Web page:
Everything you saw of Tiger, except for what he was able to do with a golf ball, has been a mirage. That hidden dark side has been fueled by his own bullet proof ego that gets it’s energy from us, the adoring public. Facilitating that ego has been an inner circle of associates that has had neither the stones or the wherewithal to keep it in check. And so goes Tiger Woods, Michael Vick, Eliot Spitzer, Bernie Madoff, Mark Sanford, and >insert any number of business executives, athlete, politician, and actors name here<. It’s not the sex, or the money; or the power; it’s the ego.
While many try to compare the rapid and destructive fall of Tiger Woods to that of Michael Vick it typically ends with shaking your head and muttering, “what were they thinking”? The prognosis for both is that they will make at least a partial professional recovery but it will come only after intense soul searching, emotional rehab, and inner growth. Michael is already well on his way and frankly, he had the tougher path to take in terms of his livelihood. Professional football can change on a week to week basis and cooling your heels for two years in a 6X10 prison cell doesn’t help you keep pace. Tiger can take a year sabbatical, continue to practice, and the game will be right where he left it last week. Note to PGA Tour professionals; take full advantage of his absence, it’s his bittersweet Christmas present to you.
In the end Vick and Woods were victims of arrogance, stupidity, and their respective dark sides. Each will pay a price far beyond what any jury could levy. That price will take away their ability to return to the same level of endorsements and ultimately, fan support. Certainly I will view Tiger differently now than I did following him around Torrey Pines in 2008 and Turnberry in 2009. Accenture, Nike, Buick, and Proctor and Gamble spent a lot of money to make him and their product appeal to me while portraying him in a far different light than the one that shines on him now.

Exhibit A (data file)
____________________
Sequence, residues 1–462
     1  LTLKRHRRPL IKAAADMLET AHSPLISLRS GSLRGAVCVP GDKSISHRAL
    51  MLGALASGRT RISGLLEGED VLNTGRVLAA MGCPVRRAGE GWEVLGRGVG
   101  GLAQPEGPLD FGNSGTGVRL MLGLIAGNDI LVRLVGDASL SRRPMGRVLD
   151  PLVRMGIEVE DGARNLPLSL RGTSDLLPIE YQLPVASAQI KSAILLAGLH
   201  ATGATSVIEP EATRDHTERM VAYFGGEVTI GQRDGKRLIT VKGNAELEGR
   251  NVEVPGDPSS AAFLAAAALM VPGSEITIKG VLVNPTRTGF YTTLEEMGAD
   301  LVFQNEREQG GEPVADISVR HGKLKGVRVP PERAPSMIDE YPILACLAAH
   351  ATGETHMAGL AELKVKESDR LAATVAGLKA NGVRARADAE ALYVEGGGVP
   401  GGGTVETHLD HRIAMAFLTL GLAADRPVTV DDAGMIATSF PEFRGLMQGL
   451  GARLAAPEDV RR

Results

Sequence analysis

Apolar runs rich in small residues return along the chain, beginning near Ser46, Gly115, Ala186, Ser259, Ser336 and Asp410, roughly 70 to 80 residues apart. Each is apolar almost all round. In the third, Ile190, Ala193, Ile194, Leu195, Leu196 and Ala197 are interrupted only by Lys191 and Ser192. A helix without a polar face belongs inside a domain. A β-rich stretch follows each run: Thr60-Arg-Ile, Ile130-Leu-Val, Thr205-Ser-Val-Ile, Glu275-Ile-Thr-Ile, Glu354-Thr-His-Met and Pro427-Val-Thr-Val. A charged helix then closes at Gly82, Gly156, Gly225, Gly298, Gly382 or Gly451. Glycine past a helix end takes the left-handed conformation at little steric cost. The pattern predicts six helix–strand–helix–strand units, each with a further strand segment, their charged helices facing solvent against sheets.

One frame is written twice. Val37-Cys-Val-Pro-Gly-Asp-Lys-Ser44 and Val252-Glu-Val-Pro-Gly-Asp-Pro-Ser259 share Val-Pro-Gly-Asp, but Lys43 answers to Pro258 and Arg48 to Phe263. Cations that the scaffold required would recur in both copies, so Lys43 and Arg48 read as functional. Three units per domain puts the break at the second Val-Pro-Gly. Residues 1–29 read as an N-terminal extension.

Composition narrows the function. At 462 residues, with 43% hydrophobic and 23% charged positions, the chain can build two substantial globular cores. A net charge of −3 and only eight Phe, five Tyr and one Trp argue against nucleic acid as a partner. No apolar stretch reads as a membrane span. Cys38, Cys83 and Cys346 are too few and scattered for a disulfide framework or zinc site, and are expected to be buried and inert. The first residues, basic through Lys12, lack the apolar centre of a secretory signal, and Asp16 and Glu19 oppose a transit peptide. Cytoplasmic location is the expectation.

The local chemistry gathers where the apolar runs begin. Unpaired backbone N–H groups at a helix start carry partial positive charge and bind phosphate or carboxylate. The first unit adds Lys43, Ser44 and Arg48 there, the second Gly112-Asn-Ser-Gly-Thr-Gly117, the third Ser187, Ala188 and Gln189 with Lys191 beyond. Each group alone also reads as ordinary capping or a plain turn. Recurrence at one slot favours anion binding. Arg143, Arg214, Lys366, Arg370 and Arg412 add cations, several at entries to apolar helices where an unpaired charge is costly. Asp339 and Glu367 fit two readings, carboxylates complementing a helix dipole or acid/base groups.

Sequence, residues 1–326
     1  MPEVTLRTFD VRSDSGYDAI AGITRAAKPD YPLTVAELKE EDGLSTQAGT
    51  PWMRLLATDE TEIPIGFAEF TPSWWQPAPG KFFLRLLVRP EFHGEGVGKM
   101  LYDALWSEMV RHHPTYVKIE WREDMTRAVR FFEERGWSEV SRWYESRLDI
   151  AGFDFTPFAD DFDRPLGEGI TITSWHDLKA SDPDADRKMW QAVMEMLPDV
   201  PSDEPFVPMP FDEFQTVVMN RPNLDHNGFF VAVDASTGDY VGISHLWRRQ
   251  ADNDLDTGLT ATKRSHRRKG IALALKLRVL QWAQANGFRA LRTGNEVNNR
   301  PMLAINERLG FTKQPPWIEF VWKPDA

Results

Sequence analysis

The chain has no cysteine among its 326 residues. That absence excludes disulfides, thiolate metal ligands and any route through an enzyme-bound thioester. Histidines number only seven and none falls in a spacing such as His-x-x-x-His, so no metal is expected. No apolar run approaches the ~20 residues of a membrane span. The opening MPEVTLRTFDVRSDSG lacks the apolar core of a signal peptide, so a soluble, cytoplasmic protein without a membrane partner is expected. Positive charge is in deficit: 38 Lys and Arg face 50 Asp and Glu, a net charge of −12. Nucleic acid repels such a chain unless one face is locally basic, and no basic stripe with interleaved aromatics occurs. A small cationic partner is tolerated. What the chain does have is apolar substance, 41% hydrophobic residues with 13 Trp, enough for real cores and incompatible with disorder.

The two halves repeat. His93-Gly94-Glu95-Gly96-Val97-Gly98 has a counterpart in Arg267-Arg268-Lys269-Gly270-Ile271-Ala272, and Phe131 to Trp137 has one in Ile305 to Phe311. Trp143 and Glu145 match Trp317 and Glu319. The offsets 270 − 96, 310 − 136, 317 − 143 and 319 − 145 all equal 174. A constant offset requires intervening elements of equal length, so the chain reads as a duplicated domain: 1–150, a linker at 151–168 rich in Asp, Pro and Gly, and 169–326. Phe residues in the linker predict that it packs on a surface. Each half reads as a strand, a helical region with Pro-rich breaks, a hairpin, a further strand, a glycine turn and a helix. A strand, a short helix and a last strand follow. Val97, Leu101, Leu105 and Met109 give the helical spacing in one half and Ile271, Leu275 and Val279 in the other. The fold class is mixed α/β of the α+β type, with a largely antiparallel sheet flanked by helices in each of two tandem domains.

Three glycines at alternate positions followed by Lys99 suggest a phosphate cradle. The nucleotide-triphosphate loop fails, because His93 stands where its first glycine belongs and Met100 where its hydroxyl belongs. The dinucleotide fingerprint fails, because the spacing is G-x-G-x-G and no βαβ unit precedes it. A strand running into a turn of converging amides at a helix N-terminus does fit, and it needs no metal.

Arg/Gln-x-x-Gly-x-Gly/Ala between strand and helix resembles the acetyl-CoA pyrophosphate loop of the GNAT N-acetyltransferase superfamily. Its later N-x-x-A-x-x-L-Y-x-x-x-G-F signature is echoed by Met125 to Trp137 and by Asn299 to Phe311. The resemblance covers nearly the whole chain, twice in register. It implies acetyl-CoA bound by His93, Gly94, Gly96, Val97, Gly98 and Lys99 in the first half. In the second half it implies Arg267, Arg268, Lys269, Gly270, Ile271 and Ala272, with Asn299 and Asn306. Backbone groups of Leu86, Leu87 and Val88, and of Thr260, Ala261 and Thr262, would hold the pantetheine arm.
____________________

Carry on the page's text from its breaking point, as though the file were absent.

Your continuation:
You may remember a few months back the BasicMan wrote an essay titled; The Redemption of Michael Vick. In that essay I took the unpopular view that Vick was not only worth redeeming but would prove his value not only in the NFL but to a certain segment of society in a way that he never managed to do before. I truly believe the world needs world class screw-ups like Michael and Tiger. Not so much for the example they set for how fast and hard icons can fall but for the potential they command in becoming a positive example should they be successful at an extreme makeover of their values, character, humility, and priorities. Michael Vick’s 2009 season with the Philadelphia Eagles illustrates this possibility for recovery. Redemption can be a wonderful thing.
However, as more undercover information (sorry, I couldn’t resist the gratuitous metaphor) emerges on Mr. Woods, I am beginning to think his recovery will be an entirely different animal. This was not just an isolated moral failure involving infidelity but one where an impervious ego of monumental proportion was cut down to size in an all too familiar way. These were the actions of an undisciplined and immature person whose behavior was spinning out of control. Who knew?